15 April 2008

Science Geek Humor

Courtesy of my Dad, my favorite engineer:

Understanding Engineers - Part One

Two engineering students were walking across a university campus when one said, "Where did you get such a great bike?" The second engineer replied, "Well, I was walking along yesterday, minding my own business, when a beautiful woman rode up on this bike, threw it to the ground, took off all her clothes and said, "Take what you want." The second engineer nodded approvingly and said, "Good choice; the clothes probably wouldn't have fit you anyway."

Understanding Engineers - Part Two

To the optimist, the glass is half full.
To the pessimist, the glass is half empty.
To the engineer, the glass is twice as big as it needs to be.

Understanding Engineers - Part Three

A priest, a doctor, and an engineer were waiting one morning for a particularly slow group of golfers.

The engineer fumed, "What's with those blokes? We must have been waiting for fifteen minutes!" The doctor chimed in, "I don't know, but I've never seen such inept golf!" The priest said, "Here comes the greens keeper. Let's have a word with him."

He said, "Hello, George! what's wrong with that group ahead of us? They're rather slow, aren't they?" The greens keeper replied, "Oh, yes. That's a group of blind fire fighters. They lost their sight saving our clubhouse from a fire last year, so we always let them play for free anytime."

The group fell silent for a moment.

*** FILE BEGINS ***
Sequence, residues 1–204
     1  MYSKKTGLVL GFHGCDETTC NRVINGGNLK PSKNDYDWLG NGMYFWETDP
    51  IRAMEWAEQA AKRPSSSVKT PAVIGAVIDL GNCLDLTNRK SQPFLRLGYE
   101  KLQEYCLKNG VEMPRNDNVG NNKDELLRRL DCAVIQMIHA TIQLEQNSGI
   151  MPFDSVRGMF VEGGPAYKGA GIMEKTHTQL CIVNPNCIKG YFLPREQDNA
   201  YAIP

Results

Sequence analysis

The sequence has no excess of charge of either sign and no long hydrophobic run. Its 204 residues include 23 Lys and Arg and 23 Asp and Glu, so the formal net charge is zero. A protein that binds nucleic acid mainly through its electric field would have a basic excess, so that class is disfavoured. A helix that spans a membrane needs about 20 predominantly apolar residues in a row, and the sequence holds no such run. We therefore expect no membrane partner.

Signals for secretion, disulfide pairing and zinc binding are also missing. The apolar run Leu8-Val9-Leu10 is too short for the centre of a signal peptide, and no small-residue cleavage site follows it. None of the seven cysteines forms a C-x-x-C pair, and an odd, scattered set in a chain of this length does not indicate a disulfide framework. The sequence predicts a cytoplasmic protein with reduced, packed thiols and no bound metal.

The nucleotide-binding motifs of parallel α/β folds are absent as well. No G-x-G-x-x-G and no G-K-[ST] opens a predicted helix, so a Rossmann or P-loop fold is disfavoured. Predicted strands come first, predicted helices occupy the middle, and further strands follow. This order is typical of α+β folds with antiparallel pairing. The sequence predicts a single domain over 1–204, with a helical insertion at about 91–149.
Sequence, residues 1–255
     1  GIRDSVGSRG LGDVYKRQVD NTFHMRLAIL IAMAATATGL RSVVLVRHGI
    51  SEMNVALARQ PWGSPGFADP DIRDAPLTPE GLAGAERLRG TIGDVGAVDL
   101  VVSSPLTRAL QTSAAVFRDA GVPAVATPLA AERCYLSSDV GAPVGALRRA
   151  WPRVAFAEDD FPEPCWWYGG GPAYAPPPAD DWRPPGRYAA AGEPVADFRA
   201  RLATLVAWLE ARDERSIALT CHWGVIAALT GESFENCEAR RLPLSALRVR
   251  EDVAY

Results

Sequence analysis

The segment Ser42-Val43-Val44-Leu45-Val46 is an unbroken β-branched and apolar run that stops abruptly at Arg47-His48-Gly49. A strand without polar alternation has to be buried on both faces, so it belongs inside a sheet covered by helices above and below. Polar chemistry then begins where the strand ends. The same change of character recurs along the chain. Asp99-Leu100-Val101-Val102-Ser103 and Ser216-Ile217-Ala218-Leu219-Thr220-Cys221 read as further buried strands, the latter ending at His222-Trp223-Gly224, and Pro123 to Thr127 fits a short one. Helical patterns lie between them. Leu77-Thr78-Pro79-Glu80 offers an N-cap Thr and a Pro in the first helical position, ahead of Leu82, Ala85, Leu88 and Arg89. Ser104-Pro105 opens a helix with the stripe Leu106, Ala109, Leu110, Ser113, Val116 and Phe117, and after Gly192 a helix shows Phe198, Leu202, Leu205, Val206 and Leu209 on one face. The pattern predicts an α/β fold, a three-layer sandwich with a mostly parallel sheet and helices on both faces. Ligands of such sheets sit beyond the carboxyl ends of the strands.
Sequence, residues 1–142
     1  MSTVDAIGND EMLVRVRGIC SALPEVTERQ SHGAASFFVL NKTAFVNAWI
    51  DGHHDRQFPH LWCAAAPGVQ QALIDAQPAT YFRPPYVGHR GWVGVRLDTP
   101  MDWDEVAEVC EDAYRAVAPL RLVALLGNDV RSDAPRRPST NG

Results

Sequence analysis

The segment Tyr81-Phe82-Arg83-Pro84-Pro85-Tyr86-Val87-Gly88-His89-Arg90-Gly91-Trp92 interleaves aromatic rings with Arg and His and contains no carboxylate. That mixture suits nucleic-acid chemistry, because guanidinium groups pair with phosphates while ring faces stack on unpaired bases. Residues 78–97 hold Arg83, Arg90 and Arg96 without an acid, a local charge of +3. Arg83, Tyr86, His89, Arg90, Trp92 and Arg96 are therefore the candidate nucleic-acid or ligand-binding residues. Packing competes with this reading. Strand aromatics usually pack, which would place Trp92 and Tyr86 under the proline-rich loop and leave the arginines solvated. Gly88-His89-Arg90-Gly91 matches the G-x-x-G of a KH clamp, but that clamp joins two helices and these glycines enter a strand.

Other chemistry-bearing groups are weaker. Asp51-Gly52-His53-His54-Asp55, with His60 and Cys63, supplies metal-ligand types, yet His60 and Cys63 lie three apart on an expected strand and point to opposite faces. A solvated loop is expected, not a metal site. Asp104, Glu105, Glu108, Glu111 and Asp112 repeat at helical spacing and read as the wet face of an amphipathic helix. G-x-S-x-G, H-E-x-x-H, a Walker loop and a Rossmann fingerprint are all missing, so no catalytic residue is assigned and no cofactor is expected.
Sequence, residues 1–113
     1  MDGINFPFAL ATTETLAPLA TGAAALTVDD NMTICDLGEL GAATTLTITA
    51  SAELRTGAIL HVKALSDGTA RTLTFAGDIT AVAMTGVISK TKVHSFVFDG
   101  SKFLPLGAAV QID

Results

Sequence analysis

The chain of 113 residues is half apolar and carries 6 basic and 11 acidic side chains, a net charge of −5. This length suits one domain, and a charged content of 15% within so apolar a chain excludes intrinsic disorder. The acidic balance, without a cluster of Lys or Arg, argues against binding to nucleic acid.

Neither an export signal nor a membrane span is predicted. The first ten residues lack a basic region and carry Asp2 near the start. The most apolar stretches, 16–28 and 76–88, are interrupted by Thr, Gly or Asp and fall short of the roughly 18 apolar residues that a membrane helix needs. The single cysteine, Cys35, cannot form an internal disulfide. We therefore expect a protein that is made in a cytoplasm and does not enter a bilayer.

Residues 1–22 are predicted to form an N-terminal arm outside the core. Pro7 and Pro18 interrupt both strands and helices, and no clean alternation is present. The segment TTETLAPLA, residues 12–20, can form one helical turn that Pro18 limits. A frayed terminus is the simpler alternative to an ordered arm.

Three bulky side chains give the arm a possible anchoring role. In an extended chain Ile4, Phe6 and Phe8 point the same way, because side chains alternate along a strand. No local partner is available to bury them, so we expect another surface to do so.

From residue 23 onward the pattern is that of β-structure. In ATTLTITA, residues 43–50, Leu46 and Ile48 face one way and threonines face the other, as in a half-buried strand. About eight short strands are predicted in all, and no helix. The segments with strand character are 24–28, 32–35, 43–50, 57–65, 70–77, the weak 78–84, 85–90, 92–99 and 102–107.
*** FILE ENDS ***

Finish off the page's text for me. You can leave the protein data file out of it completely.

The priest said, "That's so sad. I think I will say a special prayer for them tonight."

The doctor said, "Good idea. I'm going to contact my ophthalmologist colleague and see if there's anything he can do for them."

The engineer said, "Why can't they play at night?

08 April 2008

Breaking the Rule of Five

There are several reasons why this piece is significant:

* it is the first piece I made completely in my own studio
* I assembled the first half of the piece while I was in labor
* the blue glass is all leftovers from repairing the stained glass skylight in my house
* some of the blue glass is new, and some is over one hundred years old! (It is a perfect match in color but not in texture.)

Extra credit to those who can deduce why it is called "Breaking the Rule of Five" Click on the photo for an enlarged version for closer examination.

Special thanks to Dan Gamaldi at Cradle of the Sun for his help with the frame!